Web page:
Who is your biggest style and fashion icon and why?

Olivia Palermo. An Audrey Hephurn-esque beauty, she originally was cast into the spotlight as a New York Socialist who featured on a few episodes of a spinoff from The Hills.

In all the years I have followed her, close to a decade, I’ve never seen a photograph of a bad outfit. She manages to pair unexpected patterns and textures of fabrics, for instance leopard with emerald feathers in a totally classy and elegant way. She often mixes high street with designer labels and has been the root cause of many a sold out item in Zara. Olivia adorns her outfits with fabulous large sunglasses and the most beautiful clutches.

Needless to say I would sell my own brother for her wardrobe contents.

What are your favourite luxury and high-street brands?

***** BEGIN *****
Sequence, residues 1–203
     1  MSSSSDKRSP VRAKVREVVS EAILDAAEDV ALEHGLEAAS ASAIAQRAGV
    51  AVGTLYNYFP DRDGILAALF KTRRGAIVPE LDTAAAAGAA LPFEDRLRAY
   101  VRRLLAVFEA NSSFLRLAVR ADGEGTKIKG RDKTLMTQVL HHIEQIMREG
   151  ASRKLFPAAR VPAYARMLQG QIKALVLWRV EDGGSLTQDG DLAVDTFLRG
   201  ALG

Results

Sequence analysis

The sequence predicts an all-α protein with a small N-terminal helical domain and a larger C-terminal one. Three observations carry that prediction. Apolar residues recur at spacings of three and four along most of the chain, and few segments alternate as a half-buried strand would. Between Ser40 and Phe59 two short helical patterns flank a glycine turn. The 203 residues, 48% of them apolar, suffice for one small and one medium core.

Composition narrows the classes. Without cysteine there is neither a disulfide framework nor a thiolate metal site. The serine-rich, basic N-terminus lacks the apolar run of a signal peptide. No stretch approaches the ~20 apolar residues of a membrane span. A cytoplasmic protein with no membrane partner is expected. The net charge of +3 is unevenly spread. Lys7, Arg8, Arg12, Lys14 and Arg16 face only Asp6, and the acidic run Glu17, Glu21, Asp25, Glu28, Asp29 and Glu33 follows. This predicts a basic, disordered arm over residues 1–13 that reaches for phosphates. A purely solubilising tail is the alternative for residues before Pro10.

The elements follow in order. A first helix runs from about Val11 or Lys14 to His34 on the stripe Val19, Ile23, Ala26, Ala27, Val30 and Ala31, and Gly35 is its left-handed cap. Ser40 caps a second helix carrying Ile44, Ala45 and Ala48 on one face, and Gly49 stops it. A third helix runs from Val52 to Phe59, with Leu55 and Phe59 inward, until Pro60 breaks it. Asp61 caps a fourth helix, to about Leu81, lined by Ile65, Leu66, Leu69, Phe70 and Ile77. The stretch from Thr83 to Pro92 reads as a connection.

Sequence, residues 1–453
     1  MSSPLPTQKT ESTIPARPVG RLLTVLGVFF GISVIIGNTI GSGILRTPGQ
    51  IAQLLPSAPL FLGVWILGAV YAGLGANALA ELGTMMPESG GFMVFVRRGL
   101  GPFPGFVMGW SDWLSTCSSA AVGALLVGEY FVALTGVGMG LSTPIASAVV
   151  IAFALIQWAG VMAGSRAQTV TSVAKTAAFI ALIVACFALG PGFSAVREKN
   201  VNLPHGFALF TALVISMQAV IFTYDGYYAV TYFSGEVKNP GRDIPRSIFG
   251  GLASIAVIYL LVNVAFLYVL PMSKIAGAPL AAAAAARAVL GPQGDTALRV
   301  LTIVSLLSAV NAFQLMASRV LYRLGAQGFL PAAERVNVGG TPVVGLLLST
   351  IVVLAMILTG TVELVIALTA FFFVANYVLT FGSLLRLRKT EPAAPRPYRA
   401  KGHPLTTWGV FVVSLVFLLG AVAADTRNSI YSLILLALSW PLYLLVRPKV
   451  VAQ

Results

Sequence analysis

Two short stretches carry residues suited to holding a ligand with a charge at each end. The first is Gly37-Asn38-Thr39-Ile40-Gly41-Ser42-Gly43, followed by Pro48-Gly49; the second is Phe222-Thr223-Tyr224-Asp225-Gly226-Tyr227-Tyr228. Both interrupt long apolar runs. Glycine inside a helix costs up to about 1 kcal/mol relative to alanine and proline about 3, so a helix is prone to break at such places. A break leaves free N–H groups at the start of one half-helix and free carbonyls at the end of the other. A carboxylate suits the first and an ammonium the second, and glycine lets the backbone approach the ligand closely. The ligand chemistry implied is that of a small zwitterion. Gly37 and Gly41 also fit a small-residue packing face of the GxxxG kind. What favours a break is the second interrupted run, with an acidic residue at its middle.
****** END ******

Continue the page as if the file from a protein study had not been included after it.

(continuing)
& Other Stories never fails to make my bank balance cry! The dresses are perfect for the day time and can easily be turned into evening attire with a quick change of earring and shoe. Their patterns and garments differ from Topshop and other more commonly turned to brands, as they are no means tacky and represent a welcome change on the high street.

I also love Cos for classic pieces like white shirts and they have really cute bikinis. Uniqlo is underrated and has saved my skin from Manchester and Northern climates; their heat tech is undeniably good quality for a disproportionately small price. Zara was ruined for me by a business project and research into their supply chain so I try not to shop there anymore.